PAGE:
Here are the operating profits of each group division in FY 19/20, compared to the previous financial year.
nm – not measurable
Operating profit for the financial year stood at S$59.1 million, a 94.5% reduction from the S$1,067.1 million during the previous year.
Despite what the SIA Group described as “strong results” in the first nine months of the financial year, it was actually only two of its major divisions ‘in the black’ during that period; Singapore Airlines’ mainline operation and SIA Engineering Company (SIAEC).
Both Scoot and SilkAir had already clocked up losses during the April 2019 – December 2019 period, of S$73 million and S$12 million respectively.
Here’s how each division fared during the full financial year.
The mainline carrier recorded the following results during the financial year.
* Singapore dollars
Operating profit was very positive during the third quarter of the financial year, as the transformation programme was credited with generating strong results.
Quarter 4’s performance wiped out all of the excellent Q3 gains, reducing the airline’s full-year operating profit to S$294 million, while load factor reduced by close to a fifth.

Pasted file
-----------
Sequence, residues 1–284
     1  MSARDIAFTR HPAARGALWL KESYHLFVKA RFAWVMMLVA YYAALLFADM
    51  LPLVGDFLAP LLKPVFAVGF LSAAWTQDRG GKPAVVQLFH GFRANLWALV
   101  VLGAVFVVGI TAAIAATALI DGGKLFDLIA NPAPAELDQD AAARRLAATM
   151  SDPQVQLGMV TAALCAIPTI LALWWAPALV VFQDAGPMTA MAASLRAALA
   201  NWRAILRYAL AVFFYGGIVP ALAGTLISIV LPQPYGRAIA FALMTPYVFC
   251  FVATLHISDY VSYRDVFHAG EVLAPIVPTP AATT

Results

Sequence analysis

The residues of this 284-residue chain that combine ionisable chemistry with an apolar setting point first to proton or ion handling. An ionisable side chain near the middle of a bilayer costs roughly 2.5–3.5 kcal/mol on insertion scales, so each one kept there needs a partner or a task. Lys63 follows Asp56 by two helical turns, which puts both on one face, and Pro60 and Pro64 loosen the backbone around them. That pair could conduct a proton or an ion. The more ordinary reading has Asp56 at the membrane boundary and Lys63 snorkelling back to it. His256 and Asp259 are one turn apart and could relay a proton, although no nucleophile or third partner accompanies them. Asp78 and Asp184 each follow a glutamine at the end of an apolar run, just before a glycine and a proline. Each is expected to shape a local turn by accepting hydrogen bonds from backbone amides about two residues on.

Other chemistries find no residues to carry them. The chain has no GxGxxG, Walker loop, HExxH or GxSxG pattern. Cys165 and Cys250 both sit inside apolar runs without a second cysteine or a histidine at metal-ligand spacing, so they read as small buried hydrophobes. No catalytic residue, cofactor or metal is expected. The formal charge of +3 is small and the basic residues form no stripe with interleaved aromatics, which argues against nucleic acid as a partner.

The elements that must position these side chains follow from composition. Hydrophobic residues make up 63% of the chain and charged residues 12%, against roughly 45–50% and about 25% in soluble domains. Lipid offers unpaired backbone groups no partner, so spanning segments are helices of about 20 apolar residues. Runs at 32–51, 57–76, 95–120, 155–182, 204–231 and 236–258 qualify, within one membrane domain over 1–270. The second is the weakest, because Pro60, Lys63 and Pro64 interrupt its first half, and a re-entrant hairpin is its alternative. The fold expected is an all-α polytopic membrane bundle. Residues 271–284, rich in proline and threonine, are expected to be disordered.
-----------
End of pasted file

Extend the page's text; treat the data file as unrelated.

“Operating profit for the Parent Airline Company fell $697 million (-70.3%) year-on-year to $294 million. Passenger flown revenue increased slightly by $8 million (+0.1 %) as the strong passenger revenue performance observed in the first nine months of the year (+$706 million year-on-year) cushioned the fall in passenger revenue in the final quarter (-$698 million year-on-year).” Singapore Airlines
This passenger falloff was likely most significant in March 2020, but effectively COVID-19 was the undoing of almost all the year’s gains.
* Singapore dollars
Scoot suffered a fall in load factor in the fourth quarter of the financial year, as it scaled back services to mainland China (making up a third of its operations) and the impact of COVID-19 restrictions began to dent demand for travel.
“The poor [Scoot] revenue performance for the year was largely due to the outbreak of Covid-19 in the fourth quarter.” Singapore Airlines
Overall, the budget subsidiary recorded a S$198 million full-year operating loss, having only made a small profit in the October – December 2019 quarter.
Scoot has now not made meaningful profit in any single quarter for two consecutive years, having recorded only modest S$1m gains in two quarters of FY 18/19, with multi-million dollar losses in the other two quarters that year.
SilkAir was already suffering from the grounding of the Boeing 737 MAX aircraft during the last financial year, so it looked unlikely the subsidiary would post a full-year profit even without the COVID-19 impact.
* Singapore dollars